Social promotion debates seem easy on the surface, but are pretty hard in reality. Do you hold back students in all grades if they are far behind in a core subject? What about two? What is the price of holding them back? The fact is that Florida has devised a way to make testing much more meaningful. A standardized graduation requirement is, I believe, necessary for a number of reasons. But it sometimes feels like an autopsy.
All researchers will tell you that attainment of a third grade reading comprehension level is a critical milestone in a child's intellectual and academic life. Without it, the research shows that children are destined for a difficult road ahead in school and in life.
Globe columnist Joanne Weiss wrote well about that issue last week. Weiss cites early education activist Margaret Blood as saying that “If we could get it right in the early years of life, everything else on the education agenda becomes easier.’’ Absolutely true.
The fact is that Blood is trying to reinvigorate a debate that has lacked urgency and intellectual heft since John Silber left the K-12 stage in the late 1990s. Silber was forceful in suggesting that the state ought to think seriously about including an additional early grade of education and getting rid of grade 12 if that is what would be necessary to make the budget numbers work.
Where I think Weiss gets it wrong is in seeing a tension between standards/standardized testing and a focus on building language skills. In a lecture given to an education policy class taught at Northeastern University by former Massachusetts Senate President Thomas Birmingham, renowned curricular expert E.D. Hirsch, Jr., noted that, yes, education policy makers should increasingly focus pre-K-3 instruction on imparting language and crucial background knowledge. But he suggested building further on the Commonwealth's landmark 1993 education reform law, which enacted high-quality state curriculum frameworks and rigorous student and teacher assessments.
Professor Hirsch expressed concern about the recent dominance of what he termed “anticurriculum ideology,” a departure from verbal and fact-based instruction in favor of a "how-to" approach that replaces rigorous academics with hands-on activities. He called for a return to a defined, knowledge-based, grade-by-grade curriculum as the most reliable way to close achievement gaps and ensure educational opportunity for all schoolchildren. Hirsch emphasized verbal proficiency and the importance of building a solid foundation in language and reading in grades pre-K-3.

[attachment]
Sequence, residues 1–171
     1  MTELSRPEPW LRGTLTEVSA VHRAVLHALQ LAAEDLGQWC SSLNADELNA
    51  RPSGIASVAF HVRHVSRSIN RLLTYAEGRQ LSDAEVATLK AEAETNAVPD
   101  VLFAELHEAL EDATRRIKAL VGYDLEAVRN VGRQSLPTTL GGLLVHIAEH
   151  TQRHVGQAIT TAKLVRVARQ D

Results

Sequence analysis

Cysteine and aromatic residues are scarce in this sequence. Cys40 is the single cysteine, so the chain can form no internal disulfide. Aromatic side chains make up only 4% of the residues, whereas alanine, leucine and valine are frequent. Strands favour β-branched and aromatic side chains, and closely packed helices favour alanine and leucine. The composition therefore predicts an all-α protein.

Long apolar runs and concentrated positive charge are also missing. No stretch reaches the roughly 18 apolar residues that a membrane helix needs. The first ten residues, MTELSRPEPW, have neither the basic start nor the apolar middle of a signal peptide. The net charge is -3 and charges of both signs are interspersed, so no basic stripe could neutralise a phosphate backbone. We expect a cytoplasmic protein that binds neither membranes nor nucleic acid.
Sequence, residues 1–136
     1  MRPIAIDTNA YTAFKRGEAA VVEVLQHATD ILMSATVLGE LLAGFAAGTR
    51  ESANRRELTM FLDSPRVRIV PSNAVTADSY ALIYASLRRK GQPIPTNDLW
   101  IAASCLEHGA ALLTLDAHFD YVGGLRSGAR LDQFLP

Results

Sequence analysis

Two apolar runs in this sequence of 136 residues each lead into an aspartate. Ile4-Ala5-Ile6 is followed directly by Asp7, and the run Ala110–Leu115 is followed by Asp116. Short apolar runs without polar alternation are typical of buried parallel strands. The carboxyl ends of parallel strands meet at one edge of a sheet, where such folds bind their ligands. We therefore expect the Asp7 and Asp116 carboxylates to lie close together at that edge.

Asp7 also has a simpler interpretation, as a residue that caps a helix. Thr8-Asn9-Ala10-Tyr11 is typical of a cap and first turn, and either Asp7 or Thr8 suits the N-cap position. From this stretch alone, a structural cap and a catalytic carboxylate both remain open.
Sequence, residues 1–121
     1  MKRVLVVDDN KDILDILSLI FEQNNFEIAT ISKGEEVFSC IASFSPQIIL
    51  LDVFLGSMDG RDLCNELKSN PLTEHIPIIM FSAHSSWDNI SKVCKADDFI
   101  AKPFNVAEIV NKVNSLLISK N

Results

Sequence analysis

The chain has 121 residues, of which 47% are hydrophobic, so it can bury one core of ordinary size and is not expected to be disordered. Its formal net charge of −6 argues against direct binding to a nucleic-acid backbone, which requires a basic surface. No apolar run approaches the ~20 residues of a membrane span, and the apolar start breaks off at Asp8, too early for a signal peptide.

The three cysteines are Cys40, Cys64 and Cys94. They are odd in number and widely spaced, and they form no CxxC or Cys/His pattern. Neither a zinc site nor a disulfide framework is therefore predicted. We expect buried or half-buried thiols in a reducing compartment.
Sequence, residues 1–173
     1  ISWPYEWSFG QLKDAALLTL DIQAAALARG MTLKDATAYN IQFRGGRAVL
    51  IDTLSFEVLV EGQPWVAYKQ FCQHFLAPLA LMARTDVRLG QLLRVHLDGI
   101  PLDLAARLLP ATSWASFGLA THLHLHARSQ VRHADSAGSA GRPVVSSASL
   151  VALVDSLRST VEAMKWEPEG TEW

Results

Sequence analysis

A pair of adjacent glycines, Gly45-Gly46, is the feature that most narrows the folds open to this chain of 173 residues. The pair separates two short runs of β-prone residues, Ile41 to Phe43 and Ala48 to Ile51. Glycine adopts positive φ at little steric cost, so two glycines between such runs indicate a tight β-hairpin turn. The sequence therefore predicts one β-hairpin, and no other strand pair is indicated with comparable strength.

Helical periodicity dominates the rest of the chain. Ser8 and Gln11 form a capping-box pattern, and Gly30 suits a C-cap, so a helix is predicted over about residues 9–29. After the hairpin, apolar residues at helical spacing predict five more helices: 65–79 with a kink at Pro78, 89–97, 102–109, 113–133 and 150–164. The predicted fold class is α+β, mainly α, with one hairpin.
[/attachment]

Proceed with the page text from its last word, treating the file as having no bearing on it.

As Hirsch noted,
I think it would also be important for a policy maker to know just why the knowledge and vocabulary that is gained in these early years tend to be decisive for the rest of a person’s life. …[Unless] we make sure, starting in preschool and kindergarten and first grade that all the students in a classroom have the prerequisite knowledge and language to understand what is being said, we will arrive at the situation that now prevails in America – that initial disadvantage will tend to mean permanent disadvantage.
Perhaps, Massachusetts can start that process by making a statement as clear as Florida, which requires high schoolers to pass the 10th grade reading and mathematics FCAT, and Section 1008.25 of the Florida Statutes also requires that 3rd graders pass the 3rd grade reading FCAT.
Three years after the enactment of Section 1008.25 of the Florida Statutes, Florida students started making tremendous progress on a variety of tests, not just the FCAT. And their progress has continued.
Ours has not. We should not fear advancing what works.